Science: An Elementary Teacher’s Guide/Physics Objectives
Welcome to Unit 2: Physics![edit | edit source]
Physics is a fundamental science that underlies chemistry, biology, and astronomy, and is actually an attempt to understand all aspects of the universe. Physics builds a theoretical model of the universe by understanding the smallest pieces and studying how those particles interact. Physics involves the study of matter and its motion and behavior through space and time, along with related concepts such as energy and force.
and universal gravitation were major milestones in classical physics]]Much of what we think of with physics relates to "classical physics," which was largely developed by Sir Isaac Newton as he made observations about motion and began to understand the force of gravity (he also developed the mathematics of calculus as a way to understand changes in motion). However, modern physics has recognized that Newton's "Laws" do not work in all situations, which has led to advancements such as quantum physics (to study the incredibly small) or Einstein's Theory of Relativity (to study the incredibly vast or incredibly fast).
Objectives[edit | edit source]
Our study of physics will include the following:
- Objects in motion. Objective: Be able to give examples of each of Newton's Three Laws of Motion, and explore the concept of "force."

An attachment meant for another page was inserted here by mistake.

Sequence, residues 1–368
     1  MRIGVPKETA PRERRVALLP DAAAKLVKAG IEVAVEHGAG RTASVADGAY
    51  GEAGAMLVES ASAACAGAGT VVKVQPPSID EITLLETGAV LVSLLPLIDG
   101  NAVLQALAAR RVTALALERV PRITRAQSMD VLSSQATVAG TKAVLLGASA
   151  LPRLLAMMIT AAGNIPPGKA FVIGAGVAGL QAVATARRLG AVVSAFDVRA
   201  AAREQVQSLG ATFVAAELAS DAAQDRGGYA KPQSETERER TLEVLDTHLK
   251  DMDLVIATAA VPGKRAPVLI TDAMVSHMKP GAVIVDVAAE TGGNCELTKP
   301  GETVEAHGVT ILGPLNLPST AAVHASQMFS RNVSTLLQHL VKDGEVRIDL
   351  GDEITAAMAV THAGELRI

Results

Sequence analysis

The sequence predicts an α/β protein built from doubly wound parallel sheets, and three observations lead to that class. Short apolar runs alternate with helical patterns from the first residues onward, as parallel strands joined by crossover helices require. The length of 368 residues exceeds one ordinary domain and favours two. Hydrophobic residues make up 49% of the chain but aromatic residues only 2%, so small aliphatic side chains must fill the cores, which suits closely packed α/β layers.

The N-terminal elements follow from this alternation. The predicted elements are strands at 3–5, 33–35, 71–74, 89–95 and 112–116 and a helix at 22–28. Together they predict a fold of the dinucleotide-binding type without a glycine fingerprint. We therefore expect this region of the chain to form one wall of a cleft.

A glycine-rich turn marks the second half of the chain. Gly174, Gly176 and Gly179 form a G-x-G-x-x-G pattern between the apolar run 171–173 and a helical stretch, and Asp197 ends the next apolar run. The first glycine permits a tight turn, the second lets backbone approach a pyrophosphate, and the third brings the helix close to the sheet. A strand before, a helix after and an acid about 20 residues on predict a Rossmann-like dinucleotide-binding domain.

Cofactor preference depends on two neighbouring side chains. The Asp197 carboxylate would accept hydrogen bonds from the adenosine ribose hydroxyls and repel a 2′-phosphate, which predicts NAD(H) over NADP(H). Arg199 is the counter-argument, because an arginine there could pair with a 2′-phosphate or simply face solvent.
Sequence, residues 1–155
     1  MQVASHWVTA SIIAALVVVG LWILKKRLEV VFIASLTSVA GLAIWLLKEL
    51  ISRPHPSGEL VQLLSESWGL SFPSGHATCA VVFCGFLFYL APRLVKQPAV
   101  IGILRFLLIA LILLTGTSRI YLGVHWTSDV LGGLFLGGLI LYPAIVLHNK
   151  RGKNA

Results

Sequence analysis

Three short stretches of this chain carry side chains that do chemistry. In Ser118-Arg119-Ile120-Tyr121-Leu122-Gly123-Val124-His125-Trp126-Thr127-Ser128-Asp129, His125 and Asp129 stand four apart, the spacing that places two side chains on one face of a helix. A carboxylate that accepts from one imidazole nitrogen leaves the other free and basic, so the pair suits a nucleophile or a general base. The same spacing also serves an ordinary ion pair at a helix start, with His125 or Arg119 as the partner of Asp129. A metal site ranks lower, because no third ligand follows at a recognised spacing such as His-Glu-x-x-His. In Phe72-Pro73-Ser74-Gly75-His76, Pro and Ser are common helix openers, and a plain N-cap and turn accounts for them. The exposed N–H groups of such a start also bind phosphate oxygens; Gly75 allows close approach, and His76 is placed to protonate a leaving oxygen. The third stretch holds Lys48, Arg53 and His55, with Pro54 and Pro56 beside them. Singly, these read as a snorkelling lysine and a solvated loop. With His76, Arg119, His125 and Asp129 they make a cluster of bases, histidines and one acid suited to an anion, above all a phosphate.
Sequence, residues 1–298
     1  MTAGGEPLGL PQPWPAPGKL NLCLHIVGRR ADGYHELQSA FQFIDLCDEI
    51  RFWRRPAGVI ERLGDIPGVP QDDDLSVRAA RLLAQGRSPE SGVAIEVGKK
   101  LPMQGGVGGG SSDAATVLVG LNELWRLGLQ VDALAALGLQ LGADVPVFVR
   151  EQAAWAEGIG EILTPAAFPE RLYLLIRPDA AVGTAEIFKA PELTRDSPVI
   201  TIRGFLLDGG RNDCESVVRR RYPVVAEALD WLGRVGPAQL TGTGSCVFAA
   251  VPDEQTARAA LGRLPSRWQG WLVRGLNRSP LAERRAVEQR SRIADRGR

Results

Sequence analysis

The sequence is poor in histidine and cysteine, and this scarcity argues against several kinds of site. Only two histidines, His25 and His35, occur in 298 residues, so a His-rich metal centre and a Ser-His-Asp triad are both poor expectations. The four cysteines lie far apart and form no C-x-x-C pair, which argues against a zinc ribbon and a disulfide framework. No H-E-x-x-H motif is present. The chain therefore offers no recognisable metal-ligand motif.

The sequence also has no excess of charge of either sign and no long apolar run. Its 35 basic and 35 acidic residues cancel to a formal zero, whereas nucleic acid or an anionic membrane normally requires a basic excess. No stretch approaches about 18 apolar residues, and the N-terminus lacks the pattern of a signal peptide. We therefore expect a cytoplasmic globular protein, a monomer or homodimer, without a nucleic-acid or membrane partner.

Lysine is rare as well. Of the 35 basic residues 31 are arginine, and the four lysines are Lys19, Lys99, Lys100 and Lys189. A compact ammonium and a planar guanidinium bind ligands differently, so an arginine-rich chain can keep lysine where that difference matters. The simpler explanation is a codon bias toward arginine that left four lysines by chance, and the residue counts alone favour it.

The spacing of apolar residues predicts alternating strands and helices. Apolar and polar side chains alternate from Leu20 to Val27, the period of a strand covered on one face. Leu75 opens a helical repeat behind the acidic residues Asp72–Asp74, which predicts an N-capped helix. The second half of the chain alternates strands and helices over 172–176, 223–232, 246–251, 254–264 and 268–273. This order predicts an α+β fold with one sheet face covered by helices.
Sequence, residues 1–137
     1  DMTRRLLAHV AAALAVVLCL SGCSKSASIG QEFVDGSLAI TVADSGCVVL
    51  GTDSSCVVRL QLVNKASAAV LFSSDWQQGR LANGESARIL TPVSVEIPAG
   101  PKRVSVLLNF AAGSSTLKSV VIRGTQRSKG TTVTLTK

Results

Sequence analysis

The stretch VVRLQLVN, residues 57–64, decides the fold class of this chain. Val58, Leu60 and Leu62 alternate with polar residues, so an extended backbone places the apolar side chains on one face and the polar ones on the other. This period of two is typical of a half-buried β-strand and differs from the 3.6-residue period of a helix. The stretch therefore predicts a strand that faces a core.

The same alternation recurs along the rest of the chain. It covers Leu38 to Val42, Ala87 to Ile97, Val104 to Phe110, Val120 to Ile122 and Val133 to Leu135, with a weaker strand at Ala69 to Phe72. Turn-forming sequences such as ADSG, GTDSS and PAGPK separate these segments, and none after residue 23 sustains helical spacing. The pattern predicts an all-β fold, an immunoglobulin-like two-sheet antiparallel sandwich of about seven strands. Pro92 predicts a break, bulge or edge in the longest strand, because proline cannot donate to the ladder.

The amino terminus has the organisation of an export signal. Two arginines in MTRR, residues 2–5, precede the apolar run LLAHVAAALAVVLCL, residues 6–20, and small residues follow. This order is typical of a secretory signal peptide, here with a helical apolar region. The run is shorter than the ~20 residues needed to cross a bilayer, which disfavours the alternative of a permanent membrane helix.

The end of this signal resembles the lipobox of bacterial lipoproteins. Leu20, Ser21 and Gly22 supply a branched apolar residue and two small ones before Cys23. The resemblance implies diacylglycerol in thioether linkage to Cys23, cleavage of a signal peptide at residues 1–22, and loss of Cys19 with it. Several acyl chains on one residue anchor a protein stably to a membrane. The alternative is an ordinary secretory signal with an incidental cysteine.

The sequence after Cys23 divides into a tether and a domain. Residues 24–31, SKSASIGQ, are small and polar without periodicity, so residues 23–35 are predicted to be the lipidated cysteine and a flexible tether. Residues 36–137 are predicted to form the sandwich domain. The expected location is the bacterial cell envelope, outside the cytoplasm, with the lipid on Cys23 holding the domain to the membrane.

- Energy, work, power, heat. Objective: Explain different types of energy and transformations between energy types.
- Mass, Weight, and Inertia. Objective: Understand inertia and why starting or stopping require more force than maintaining speed.
- Air and Water. Objective: Explain basic physical properties of air and water and how they are affected by temperature and composition.
- Simple machines. Objective: Understand mechanical advantages and properties of the six classical simple machines and find examples in everyday life.
- Light. Objective: Understand the electromagnetic spectrum, the properties of light and color, and explore how fundamental light is to our perceptions of reality.
- Sound. Objective: Distinguish between light waves and sound waves, understand how sound is created, transmitted, and perceived.
- Electricity and magnetism. Objective: Understand the direct relationship between magnetism and electricity and how to generate one from the other.
- Astronomy. Objective: Explore the vastness of the universe and become more familiar with our own solar system and its place in the galaxy.
Getting Started[edit | edit source]
To help set the stage for our exploration of physics, I recommend watching this video from Khan Academy. I agree with Sal Khan that the most important prerequisite to studying physics is "an open mind, a desire to learn, and a willingness to accept that 90% of what you thought about the universe might be wrong." We may encounter some basic algebra, but don't get intimidated by the math or the jargon--PHYSICS IS PHUN! It can even help you understand how amazing Wonder Woman is for stopping bullets with her bracelets!